“Crazy Levi” is the third of my works celebrating the rich, and today relatively unknown tradition of Yiddish language poetry. The first set, “The Passing Years” for baritone and piano, set poems by turn-of-the-century immigrants to the new world. The second set, “Iron Balconies and Lilies” for soprano and chamber ensemble, traversed the life experiences of a woman, from youth through extreme old age. Unlike these other pieces, which were comprised of various poems by various poets, “Crazy Levi” consists of a single, narrative poem by Rokhl Korn. It is a timeless tale of life, loss, humor, grief and death, the human spirit and the power of love.
Rokhl (Rachel) Korn was born in 1898, in a Polish village then in a region known as Galicia. “Crazy Levi” is an early poem. Typical of Korn’s poetry, it is imbued with the atmosphere and spirit of the countryside, a characteristic which continued even after she left her native village for the more urban confines of Lvov and Warsaw. Korn managed to escape Poland and flee to the Soviet Union as a refugee during the second world war. She emmigrated to Montreal in 1948, where she died in 1982.
“Crazy Levi” is a true duet for soprano and piano. The piano part, quite orchestral in concept, is not merely an accompaniment, but fully as important and dramatic an element as the voice part itself. The narrative nature of the poem requires the soprano to be a story teller as well as a singer, assuming the voices and moods of the characters and narrator as they appear during the course of the poem.
“Crazy Levi” was composed between December of 1992 and August of 1993.
Crazy Levi – Rokhl Korn
And no one knows what became of him, Crazy Levi, who tied the roads
from Yavarev to Moshtsisk
to Samber to Greyding in a bow,
carrying always in his breast pocket
his letters from Rivtshe,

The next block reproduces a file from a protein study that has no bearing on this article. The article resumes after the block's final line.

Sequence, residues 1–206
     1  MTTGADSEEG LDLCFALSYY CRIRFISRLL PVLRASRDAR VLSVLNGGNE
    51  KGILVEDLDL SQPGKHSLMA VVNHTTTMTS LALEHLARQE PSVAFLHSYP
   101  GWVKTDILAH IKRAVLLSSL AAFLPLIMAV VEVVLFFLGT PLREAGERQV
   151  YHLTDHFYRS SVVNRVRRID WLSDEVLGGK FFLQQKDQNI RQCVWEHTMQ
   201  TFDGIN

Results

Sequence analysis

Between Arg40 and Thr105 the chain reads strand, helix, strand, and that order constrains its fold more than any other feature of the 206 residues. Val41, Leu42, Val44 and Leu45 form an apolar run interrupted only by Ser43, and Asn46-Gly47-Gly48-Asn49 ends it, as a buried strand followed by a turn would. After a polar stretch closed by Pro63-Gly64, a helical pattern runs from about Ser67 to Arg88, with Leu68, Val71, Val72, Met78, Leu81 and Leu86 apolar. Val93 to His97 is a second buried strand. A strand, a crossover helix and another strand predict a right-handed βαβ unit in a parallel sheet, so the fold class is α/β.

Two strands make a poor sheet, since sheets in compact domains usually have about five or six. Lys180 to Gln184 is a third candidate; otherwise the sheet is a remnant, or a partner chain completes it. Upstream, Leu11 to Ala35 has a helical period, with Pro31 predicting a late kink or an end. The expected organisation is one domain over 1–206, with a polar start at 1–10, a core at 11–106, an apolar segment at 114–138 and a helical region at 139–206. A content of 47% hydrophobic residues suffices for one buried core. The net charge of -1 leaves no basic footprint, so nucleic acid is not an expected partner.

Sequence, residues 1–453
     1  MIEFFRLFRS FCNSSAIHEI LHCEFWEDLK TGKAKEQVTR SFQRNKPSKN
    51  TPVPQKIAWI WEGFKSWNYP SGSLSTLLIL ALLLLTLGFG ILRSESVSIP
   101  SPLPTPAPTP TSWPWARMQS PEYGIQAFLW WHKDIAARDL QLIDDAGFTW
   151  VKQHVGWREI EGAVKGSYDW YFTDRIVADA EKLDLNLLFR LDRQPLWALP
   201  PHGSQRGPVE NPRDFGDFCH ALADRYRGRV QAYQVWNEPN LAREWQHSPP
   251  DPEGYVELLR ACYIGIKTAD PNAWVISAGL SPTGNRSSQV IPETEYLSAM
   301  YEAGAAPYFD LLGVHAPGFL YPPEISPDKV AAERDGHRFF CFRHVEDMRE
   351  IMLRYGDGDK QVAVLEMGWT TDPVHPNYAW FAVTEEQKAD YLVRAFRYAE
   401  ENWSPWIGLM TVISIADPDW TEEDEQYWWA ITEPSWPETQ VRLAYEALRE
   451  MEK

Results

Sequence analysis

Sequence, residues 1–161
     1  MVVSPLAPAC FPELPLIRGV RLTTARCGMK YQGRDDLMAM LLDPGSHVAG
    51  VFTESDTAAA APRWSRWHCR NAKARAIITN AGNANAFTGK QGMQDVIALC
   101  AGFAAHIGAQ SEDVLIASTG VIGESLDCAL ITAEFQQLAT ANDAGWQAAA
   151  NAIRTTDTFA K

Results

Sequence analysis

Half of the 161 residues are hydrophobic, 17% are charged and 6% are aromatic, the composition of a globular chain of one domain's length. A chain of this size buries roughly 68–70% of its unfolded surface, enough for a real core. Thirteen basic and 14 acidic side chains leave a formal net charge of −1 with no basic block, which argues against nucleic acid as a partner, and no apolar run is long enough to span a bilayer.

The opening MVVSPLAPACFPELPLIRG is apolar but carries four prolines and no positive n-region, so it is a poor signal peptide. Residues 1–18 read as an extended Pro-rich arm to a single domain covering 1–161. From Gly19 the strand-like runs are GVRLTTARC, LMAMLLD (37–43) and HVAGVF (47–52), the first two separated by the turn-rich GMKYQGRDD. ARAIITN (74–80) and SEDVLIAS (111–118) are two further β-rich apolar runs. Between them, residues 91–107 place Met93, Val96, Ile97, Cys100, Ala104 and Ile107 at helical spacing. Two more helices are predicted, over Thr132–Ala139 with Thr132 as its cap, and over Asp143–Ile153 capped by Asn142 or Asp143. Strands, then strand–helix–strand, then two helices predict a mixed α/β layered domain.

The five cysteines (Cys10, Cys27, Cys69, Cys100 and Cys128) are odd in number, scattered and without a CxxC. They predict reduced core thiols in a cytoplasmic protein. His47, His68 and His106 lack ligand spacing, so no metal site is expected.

his uncle’s youngest daughter.
All the houses in the villages knew him,
the road accepted his long shadow
like a horse that knows its rider,
and the dogs lay quiet in their doghouses
when the familiar smell of Levi’s black coat
spoke to their hearts.
Women strong and wide and bent to the ground,
were in the field when Levi came by.
They would toy with him
and with a laugh that smelled of goodness, like dark bread,
they would say,
“Levi, you have no father, no mother.
Why don’t you take a wife
like the rest of your people?
She would wash your shirt for you
and cook you a spoonful of something warm to eat.”
And Levi would look at their raw, swollen feet
and plow the broad field of his forehead
with the painful thought that was always present to him:
“Because my uncle wouldn’t give me his daughter for a wife,
I carry my heart around
like a cat in a sack,
and I want to leave it somewhere
so that it won’t be able to find its way back to me.”
And he would take a filthy piece of paper from his breast pocket
and read aloud from a letter in German, “An Liebchen!” –
and a red berry would blossom
in the dark moss around his lips:
Levi’s crazy, melancholy smile.
But after one long hard winter
(worse than any the old people could remember),
the small eyes of the windowpanes
looked for Levi without finding him
and the dogs put their heads down to the ground
and sniffed at all the tracks on the road,
thinking that he might have come by.
And to this day, no one knows what became of him.
Maybe the hungry wolves in the woods tore him to pieces
or maybe his mother, who had died in the bloom of her youth,
missed her son, and a small white hand
reached out to him from the dark attic of an old house.
“Crazy Levi” by Rokhl Korn, from THE PENGUIN BOOK OF MODERN YIDDISH VERSE by Irving Howe, Ruth R. Wisse and Khone Sheruk. Copyright © 1987 by Irving Howe, Ruth R. Wisse and Khone Sheruk. Used by permission of Viking Penguin, a division of Penguin Books USA Inc.